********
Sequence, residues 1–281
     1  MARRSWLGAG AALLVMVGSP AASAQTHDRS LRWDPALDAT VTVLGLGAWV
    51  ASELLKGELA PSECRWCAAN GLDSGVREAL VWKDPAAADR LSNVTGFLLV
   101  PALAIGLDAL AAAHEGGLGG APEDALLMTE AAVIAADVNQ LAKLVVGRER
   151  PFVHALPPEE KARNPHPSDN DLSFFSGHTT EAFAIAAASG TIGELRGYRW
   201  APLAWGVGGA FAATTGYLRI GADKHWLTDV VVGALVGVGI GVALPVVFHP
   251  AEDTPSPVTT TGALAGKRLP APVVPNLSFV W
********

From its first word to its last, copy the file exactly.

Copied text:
Sequence, residues 1–281
     1  MARRSWLGAG AALLVMVGSP AASAQTHDRS LRWDPALDAT VTVLGLGAWV
    51  ASELLKGELA PSECRWCAAN GLDSGVREAL VWKDPAAADR LSNVTGFLLV
   101  PALAIGLDAL AAAHEGGLGG APEDALLMTE AAVIAADVNQ LAKLVVGRER
   151  PFVHALPPEE KARNPHPSDN DLSFFSGHTT EAFAIAAASG TIGELRGYRW
   201  APLAWGVGGA FAATTGYLRI GADKHWLTDV VVGALVGVGI GVALPVVFHP
   251  AEDTPSPVTT TGALAGKRLP APVVPNLSFV W